A Dangerous Loophole in Cell Phone Laws: Onboard Infotainment Systems

infotainment, Rolling Meadows traffic violations lawyerBy now, most drivers are aware that using a cell phone while driving is a dangerous proposition. Public awareness campaigns around the country have been urging drivers for years to put their phones down when behind the wheel for the sake of the safety. In addition to being unsafe, using a hand-held cell phone while driving is also illegal in many jurisdictions, including Illinois. If you are caught using a hand-held electronic device for talking or texting, you can be cited and fined up to $75 for a first offense.

Understanding the Law

That statute that governs the use of cell phones while driving in Illinois actually applies to a wide range of “electronic communication devices,” including personal digital assistants (PDAs), electronic tablets—such as iPads—laptop computers, and of course, “hand-held wireless telephones.” The law expressly states that the limitation on the use of electronic devices while driving does not apply to GPS devices, navigation systems, or any “device that is physically or electronically integrated into the motor vehicle.”  Unfortunately, systems that fall into the last category have become increasingly popular in recent years, and the dangers are only growing.

The Advance of Technology

In just a little over a century, the American automotive industry has progressed from Ford’s Model T car in 1908 to self-driving vehicles produced by several different companies. Today, the average automobile is equipped with dozens of features, including multiple airbags, proximity alerts, and even assisted braking systems. Higher-end vehicles also generally feature a large touchscreen in the middle of the front console which allows drivers and passengers to access navigation systems, control satellite radio, and even make phone calls while driving. These so-called “infotainment” systems are intended to make the driving experience more efficient, but they are also creating new hazards.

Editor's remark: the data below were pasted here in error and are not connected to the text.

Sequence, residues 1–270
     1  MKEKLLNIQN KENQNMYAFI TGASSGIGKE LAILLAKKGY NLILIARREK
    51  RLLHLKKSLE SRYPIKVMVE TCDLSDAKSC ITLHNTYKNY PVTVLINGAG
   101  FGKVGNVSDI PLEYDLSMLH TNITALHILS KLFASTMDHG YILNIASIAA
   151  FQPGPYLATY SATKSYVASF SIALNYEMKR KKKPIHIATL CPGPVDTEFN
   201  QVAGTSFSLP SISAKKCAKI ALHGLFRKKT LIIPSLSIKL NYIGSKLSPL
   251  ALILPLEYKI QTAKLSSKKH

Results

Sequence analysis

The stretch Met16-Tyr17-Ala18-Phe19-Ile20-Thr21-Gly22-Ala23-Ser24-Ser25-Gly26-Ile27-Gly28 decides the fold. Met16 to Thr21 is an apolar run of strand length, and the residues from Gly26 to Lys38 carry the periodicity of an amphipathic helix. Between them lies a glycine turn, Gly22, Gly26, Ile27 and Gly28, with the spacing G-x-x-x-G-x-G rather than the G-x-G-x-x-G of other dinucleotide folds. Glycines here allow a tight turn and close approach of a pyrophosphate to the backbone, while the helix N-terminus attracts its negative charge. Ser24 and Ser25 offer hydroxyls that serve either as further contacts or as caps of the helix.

According to a study commissioned by the AAA Foundation for Traffic Safety, up to one-third of U.S. adults use infotainment systems on the road. Most drivers use them for fairly innocuous reasons, such as playing music or getting GPS directions, but it is not really the purpose that is the problem. Infotainment systems generally present a large amount of information on the screen at any given time.

When playing music from a satellite radio channel, for example, the screen may display the artist’s name, the name of the song, the album name, the year it was released, the name of the channel, the channel number, the genre of music, and more. Processing all of the information takes time. In fact, the AAA study found that the average infotainment system user is distracted mentally and visually for up to 40 seconds per instance. Most experts estimate that a driver who is texting while driving is only distracted for about five seconds at a time.

Distractions Affect Driving Performance

While it is not technically illegal to use an onboard infotainment system while driving, the distraction that it causes could lead to a traffic ticket anyway. It is easy to lose track of your speed, traffic signals, lane markers, and even other vehicles when your attention is elsewhere. A few seconds are all it takes to break a traffic law and to end up with a citation.

If you have received a ticket for a traffic violation, you may have options to keep it from affecting your driving record. Contact an experienced Rolling Meadows traffic violations attorney to discuss your case today. Call 847-253-3100 for a free consultation.

 

Sources:

https://newsroom.aaa.com/2017/10/new-vehicle-infotainment-systems-create-increased-distractions-behind-wheel/

https://www.dmv.org/distracted-driving/texting-and-driving.php

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